Clinical diagnosis is diagnosis or the process of accessing the nature of the disease based on its signs, symptoms and laboratory findings. In computer assisted diagnosis, a computer program identifies the disease(s) that fit the identified abnormalities best. Clinical diagnosis can also be defined as an act/process of identifying the nature and cause of a disease or a medical element through carefully studying patient’s symptoms and signs, evaluation of patient history, clinical and laboratory examinations [1]. A clinical diagnosis is the most important and critical part of medical and health care system and is vital for treating patients. Many research organizations and companies researched have developed clinical diagnosis similar support systems using various software and computer technologies. Clinical diagnosis support software systems help clinicians in diagnosing clinical cases. Most clinicians are still relying on manual clinical diagnosis processes [2, 3]. A manual clinical diagnosis is a very complex, cumbersome and error-prone process; even very experienced doctors sometimes fail to diagnose a clinical condition correctly at an early stage. This project was purposely intended to design and implement a reliable electronic patient diagnosis management system to be used at Naguru Teenage Information/Health Center. Since ancient times, human beings have been trying to solve human problems with inventions and technology. Such inventions and technologies are no exception to solving human illness. Scientists and doctors have always tried to use the latest technological inventions in healthcare for example Rontgen did not invent X-rays to diagnose human elements but it was successfully implemented in healthcare and the technology saved millions of human lives; similar story with other technologies like Microscope, CT Scan, MRI, pacemaker, artificial hearts, prosthetics, robotic surgical arms, digital ECG, EEG and so on, last but not least computers and information technology also includes in that technological adaptations [4]. In the early days of medical-related computer technology, the notion of that computer technology could help solve healthcare problems developed much interest and enthusiasm and was prompted for pursuing the use of computers in the medical field. For the past four decades, a new branch of information technology is emerged and proliferated called Health Informatics or Medical Informatics. The case study of this project was Naguru teenage information/health centre (NTIHC). It is located in Bugolobi, approximately 6km from the heart of Kampala city. NTIHC is a pioneer program in providing adolescent sexual reproductive health services in Uganda. It was started as a voluntary activity in 1994 by a group of professional volunteers. Using the recommended method of manually entering key findings, the list of diagnoses suggested by Isabel contained the correct diagnosis in 48 of the 50 cases (96%). Typically, 3–6 key findings from each case were used. The 2 diagnoses that were not suggested (progressive multifocal encephalopathy and nephrogenic fibrosing dermopathy) were not included in the Isabel database at the time of the study; thus, these 2 cases would never have been suggested, even with different keywords. Using the copy/paste method for entering the whole text, the list of diagnoses suggested by Isabel contained the correct diagnosis in 37 of the 50 cases (76%). Isabel presented 10 diagnoses on the first web page and 10 additional diagnoses on subsequent pages up to a total of 30 diagnoses. Because users may tend to disregard suggestions not shown on later web pages, we tracked this parameter for the copy/paste method of data entry: The correct diagnosis was presented on the first page in 19 of the 37 cases (51%) or first two pages in 28 of the 37 cases (77%). Similar data were not collected for manual data entry because the order of presentation depended on which key findings were entered. Both data entry approaches were fast: Manually entering data and obtaining diagnostic suggestions typically required less than 1 minute per case, and the copy/paste method typically required less than 5 seconds. Diagnostic errors are an underappreciated cause of the medical error, and any intervention that has the potential to produce correct and timely medical diagnosis is worthy of serious consideration. Our recent analysis of diagnostic errors in Internal Medicine found that clinicians often stop thinking after arriving at a preliminary diagnosis that explains all the key findings, leading to context errors and ‘premature closure’, where further possibilities are not considered. These and other errors contribute to diagnoses that are wrong or delayed, causing substantial harm to the patients affected. Systems that help clinicians explore a more complete range of diagnostic possibilities could conceivably reduce these types of errors. Many different CDSSs have been developed over the years, and these typically matched the manually entered features of the case in question to a database of key findings abstracted from experts or the clinical literature. The sensitivity of these systems was in the range of 50%–60%, and the time needed to access and query the database was often several minutes. More recently, the possibility of using Google to search for clinical diagnoses has been suggested. However, a formal evaluation of this approach on a subset of the same “Case Records” cases used in our study found a sensitivity of 58%, in the range of the first-generation CDSSs and unacceptably low for clinical use. The findings of our study indicate that CDSS products have evolved substantially [5-7]. Using the Isabel CDSS, we found that data entry takes under 1 minute, and the sensitivity in a series of high histories using copy/paste functionality allowed even faster data entry but reduced sensitivity. The loss of sensitivity seemed primarily related to negative findings included in the pasted history and physical (e.g., “the patient denies chest pain”), which are treated as positive findings (chest pain) by the search algorithm [8]. There are several relevant limitations of this study that make it difficult to predict how Isabel might perform as a diagnostic aid in clinical practice. First, the results obtained here reflect the theoretical upper limit of performance, given that an investigator who was aware of the correct diagnosis entered the key findings. Further, clinicians in real life seldom have the wealth of reliable and organized information that is presented in the Case Records or the time needed to use a CDSS in every case [9]. To the extent that Isabel functions as a ‘learned intermediary’, success in using the program will also clearly depend on the clinical expertise of the user and their facility in working with Isabel. A serious existential concern is whether presenting a clinician with dozens of diagnostic suggestions might be a distraction or lead to unnecessary testing. We have previously identified these trade-offs as an unavoidable cost of improving patient safety: The price of improving the odds of reaching a correct diagnosis is the extra time and resources consumed in using the CDSS and considering alternative diagnoses that might turn out to be irrelevant. In summary, the Isabel CDSS performed quickly and accurately in suggesting correct diagnoses for complex adult medicine cases [2, 7]. However, the test setting was artificial, and the CDSS should be evaluated in more natural environments for its potential to support clinical diagnosis and reduce the rate of diagnostic error in medicine. Therefore, this chapter discussed the literature review of the proposed system. The views and opinions of other researchers regarding the concept. The performances of such systems are clearly shown as well as their challenges.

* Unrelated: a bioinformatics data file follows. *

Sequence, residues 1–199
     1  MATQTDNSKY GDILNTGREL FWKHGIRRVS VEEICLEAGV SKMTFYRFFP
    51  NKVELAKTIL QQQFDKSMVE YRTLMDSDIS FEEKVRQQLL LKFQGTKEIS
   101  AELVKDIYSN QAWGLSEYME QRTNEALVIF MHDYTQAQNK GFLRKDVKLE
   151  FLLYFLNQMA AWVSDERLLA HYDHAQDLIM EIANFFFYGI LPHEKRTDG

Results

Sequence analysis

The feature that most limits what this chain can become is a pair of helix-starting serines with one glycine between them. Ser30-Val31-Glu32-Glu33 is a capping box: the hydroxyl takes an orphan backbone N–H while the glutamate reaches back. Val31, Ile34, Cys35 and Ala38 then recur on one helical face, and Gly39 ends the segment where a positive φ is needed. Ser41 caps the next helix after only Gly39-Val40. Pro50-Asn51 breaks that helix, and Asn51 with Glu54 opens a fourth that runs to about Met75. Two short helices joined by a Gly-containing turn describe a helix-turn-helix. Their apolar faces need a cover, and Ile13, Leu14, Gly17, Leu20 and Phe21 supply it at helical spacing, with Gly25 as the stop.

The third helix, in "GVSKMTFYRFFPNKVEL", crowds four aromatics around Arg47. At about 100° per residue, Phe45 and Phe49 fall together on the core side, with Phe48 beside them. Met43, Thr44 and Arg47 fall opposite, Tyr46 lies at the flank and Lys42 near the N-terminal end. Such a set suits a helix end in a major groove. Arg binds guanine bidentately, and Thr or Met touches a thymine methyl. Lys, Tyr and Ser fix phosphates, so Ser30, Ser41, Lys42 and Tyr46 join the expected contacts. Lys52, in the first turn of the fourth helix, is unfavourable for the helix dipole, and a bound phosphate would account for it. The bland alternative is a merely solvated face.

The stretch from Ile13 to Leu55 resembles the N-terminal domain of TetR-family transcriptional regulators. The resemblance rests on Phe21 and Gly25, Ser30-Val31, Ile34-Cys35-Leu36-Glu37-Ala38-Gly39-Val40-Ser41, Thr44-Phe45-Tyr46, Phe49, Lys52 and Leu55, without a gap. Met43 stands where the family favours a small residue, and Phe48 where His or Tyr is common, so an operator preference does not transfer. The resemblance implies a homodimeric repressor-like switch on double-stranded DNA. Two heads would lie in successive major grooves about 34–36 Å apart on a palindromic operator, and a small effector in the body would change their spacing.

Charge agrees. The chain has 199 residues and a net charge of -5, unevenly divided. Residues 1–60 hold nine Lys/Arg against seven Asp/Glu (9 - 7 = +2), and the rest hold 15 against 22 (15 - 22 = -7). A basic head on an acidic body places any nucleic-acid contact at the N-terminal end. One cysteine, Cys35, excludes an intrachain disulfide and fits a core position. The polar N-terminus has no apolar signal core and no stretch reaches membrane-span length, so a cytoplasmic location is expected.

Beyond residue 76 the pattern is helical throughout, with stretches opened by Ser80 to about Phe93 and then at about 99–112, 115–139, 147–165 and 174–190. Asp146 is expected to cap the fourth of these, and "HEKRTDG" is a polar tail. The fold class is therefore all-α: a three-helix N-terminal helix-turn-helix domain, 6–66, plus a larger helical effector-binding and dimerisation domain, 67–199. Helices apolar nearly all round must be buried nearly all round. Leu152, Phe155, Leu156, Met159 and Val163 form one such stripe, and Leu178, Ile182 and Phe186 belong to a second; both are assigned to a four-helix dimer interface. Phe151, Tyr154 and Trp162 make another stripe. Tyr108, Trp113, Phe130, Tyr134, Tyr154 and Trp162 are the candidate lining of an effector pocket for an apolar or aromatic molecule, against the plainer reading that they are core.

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CITE AS:Okidi Jacob (2023). The electronic Patient Diagnosis Management System in Naguru Teenage Information and Health Center. NEWPORT INTERNATIONAL JOURNAL OF SCIENTIFIC AND EXPERIMENTAL SCIENCES (NIJSES) 3(3)1- 21.